Showing posts from April, 2019

A very democratic decline: troubles of liberalism and end of times

Democracy is being contested. It didn't take too long for history not to end. Thirty years tops and the democratic euphoria is all gone. It's no longer an export product - Chinese made authoritarianism trumped it completely! It's even having trouble on its home turf, in Britain, United States and, in its promissory version, in India. Theories abound where it went wrong, blaming bad men and globalization in equal measure. There is a cutely optimistic streak in some of this analysis, a kind of nostalgia for the lost times and a loveable leap of faith that the pretenders will all be exposed and democracy will triumph. Everything will be alright at the end; if it's not alright, it's not the end - as they say in Marigold Hotel! Indeed, that's cute and loveable and entirely wrong. Democracy ascended not as a gradual revelation of any ultimate truth nor as gift of the benevolent, but rather as a compromise between those who had too much vested in the disappearing a

Should we leave Nationalism to the Fascists?

The business of Nationalism has been left to the Fascists. Those who cherish freedom of views, opinions and beliefs, accept the global condition of existence and strive for peace and harmony among different peoples and communities, have taken Nationalism as a dirty word. It represents, one argued, the sort of narrow territorial and cultural identities the educated and the cultured should seek to supersede. It seems that the emotion of nationalism stood in the direct contrast of the rationalism of human histories defined by the class. It was in opposition to cool economic calculations of advantages and incentives in a market economy. In short, in the evocation of global humanity, nationalism appeared to be a dated idea to be left for the fools. So the Fascists stepped in, gratefully. They were clinging to those outdated and outmoded ideas of race, pseudo-histories and rites and rituals and were effectively marginalised ever since the late twentieth-century liberal boom. An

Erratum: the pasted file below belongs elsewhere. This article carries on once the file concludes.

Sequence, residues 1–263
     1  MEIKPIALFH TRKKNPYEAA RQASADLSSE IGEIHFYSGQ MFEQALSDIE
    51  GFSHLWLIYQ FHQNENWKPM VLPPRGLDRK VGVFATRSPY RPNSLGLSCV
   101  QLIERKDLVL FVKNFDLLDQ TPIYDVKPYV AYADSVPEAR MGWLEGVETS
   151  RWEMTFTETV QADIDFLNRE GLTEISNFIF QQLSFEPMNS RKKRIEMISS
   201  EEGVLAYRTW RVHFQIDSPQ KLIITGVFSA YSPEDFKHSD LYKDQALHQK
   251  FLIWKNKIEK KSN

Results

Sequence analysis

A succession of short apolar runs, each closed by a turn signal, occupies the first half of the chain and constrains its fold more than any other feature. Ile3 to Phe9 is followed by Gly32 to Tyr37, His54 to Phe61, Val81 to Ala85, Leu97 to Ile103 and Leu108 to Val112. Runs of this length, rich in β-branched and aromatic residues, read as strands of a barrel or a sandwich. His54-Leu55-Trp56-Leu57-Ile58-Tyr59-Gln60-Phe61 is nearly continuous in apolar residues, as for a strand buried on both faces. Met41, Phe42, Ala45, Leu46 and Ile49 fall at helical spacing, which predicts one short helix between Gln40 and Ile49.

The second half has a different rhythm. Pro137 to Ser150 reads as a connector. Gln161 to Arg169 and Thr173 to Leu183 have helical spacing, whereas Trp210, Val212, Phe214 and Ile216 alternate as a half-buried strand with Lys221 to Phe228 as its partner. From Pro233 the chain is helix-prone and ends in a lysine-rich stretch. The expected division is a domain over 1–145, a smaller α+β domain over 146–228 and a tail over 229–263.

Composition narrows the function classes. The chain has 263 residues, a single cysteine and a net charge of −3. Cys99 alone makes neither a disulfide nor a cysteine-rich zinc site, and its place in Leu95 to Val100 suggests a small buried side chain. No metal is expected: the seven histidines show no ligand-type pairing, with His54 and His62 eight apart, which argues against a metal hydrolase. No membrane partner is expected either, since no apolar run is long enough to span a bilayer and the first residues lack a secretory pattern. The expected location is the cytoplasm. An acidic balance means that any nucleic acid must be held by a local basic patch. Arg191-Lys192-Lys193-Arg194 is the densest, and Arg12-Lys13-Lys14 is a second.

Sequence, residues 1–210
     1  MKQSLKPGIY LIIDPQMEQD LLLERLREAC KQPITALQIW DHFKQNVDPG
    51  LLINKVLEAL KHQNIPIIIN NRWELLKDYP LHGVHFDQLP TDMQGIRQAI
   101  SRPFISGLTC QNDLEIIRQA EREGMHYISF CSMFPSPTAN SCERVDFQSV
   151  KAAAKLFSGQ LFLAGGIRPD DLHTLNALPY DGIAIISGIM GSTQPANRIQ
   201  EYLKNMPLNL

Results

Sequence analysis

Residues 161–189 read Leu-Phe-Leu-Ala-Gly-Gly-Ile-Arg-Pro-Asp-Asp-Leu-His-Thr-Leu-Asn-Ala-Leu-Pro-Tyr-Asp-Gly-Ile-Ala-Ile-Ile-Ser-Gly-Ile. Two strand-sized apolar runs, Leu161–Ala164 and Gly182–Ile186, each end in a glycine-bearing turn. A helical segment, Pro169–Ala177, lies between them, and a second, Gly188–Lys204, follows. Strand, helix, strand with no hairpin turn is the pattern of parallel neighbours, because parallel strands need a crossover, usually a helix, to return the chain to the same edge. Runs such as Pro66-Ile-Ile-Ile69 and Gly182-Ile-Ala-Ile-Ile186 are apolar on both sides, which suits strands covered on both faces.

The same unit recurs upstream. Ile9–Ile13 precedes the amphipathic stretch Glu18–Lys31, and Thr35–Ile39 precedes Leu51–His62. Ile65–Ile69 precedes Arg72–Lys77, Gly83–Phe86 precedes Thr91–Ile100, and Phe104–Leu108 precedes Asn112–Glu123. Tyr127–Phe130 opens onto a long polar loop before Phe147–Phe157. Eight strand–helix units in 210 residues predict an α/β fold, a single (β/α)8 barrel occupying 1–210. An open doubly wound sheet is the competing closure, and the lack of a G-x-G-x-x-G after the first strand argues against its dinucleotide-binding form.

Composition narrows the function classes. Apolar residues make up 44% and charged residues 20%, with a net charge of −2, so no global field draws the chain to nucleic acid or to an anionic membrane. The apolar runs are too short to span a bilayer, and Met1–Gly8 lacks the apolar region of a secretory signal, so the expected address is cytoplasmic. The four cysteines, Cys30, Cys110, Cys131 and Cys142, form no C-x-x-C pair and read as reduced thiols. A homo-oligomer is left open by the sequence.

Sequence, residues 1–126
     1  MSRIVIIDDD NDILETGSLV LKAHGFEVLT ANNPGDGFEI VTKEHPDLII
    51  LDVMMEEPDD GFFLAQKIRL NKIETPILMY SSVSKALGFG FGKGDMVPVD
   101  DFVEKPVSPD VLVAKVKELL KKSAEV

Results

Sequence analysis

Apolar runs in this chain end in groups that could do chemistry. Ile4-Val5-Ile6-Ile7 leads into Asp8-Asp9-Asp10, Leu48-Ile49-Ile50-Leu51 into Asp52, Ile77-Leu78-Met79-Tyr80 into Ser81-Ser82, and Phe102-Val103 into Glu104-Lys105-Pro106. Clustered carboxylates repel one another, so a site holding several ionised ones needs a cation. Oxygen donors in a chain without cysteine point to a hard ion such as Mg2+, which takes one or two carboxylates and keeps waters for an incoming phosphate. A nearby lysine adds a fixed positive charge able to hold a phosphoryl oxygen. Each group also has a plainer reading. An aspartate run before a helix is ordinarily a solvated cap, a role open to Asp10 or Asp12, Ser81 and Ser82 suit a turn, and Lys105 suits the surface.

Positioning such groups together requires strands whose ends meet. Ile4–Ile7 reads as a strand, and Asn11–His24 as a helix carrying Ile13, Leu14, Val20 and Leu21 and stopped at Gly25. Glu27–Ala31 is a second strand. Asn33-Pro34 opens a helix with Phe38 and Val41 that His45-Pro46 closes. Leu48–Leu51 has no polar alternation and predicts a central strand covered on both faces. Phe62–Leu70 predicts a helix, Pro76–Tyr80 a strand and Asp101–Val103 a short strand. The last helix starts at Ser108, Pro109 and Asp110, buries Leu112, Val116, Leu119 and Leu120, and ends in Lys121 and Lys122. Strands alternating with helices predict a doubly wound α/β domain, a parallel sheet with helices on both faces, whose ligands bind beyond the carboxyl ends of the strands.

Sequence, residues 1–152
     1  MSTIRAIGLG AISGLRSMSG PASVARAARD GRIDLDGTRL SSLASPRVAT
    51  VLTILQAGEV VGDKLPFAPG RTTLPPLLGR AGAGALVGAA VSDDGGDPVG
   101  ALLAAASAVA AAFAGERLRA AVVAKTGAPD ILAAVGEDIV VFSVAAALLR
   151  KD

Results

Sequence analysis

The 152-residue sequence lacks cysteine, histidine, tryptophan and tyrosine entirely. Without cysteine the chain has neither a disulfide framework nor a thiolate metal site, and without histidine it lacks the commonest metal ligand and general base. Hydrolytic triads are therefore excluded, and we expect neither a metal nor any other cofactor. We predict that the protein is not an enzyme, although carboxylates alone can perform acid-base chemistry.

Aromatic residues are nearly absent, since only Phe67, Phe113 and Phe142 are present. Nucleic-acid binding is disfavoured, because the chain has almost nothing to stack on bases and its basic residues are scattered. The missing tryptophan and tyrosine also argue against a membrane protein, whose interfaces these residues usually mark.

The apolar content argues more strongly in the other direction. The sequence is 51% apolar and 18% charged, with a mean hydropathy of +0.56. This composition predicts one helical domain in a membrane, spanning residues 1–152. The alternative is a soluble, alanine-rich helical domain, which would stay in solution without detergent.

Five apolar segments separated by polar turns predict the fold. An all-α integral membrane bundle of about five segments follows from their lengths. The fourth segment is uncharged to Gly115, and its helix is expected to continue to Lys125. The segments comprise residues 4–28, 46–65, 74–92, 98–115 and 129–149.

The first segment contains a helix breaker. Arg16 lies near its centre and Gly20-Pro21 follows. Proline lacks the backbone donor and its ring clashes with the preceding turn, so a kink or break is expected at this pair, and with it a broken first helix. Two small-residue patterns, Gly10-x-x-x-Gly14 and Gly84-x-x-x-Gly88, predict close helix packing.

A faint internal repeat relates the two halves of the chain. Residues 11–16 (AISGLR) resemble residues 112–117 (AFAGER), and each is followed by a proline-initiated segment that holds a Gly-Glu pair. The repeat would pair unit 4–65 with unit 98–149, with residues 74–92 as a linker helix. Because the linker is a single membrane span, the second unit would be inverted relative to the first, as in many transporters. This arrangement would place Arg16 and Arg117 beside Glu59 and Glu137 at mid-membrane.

Designing universities for the 21st century

In the conference circuit, there are usually two mutually exclusive strands of conversation about the nature and purpose of universities.  First, there is this misty-eyed nostalgia about the universities being a timeless thing. It is a community of simple and sincere learners, all committed in pursuing knowledge for its own sake. It's an imagined community of medieval monks studying the Large Hadron Collider, or a group of brilliant scientific minds exploring the intricacies of Nichomachean Ethics.  Indeed, this is historically inaccurate, even without the LHC. This presents universities as places for disinterested learning, but universities always had a practical purpose. Most students went to university to find a profession and did things, like studying law or theology, which helped them to get into one. The other problem is the premise that the fundamental idea about the university never changed, which is also inaccurate and misleading. Universities through the ag

The myth of 21st-Century Education: Preparing for the age of the machine

I argued previously that a carefully crafted myth about 21st-century education - that the experts know what the learners will need and it will be radically different and defined by market forces - is being propagated (see The myth of 21st-Century Education ). As educators, it is important to reject the deterministic overtures of this popular myth and to look at all the different possibilities that exist and could be equally plausible. At the core of the '21st-century education' myth-making is an assumption about our relationship with technology. We are told that we are at a point of departure in history, which will be much like the past. New technologies - those that can replace humans in intellectually challenging work - would alter how work is done and this would mean a new, 'fourth' for someone keeping the count, the industrial revolution. The social relationships would change as it did last time around - humans would be replaced, most intellectually chal

Creative Commons License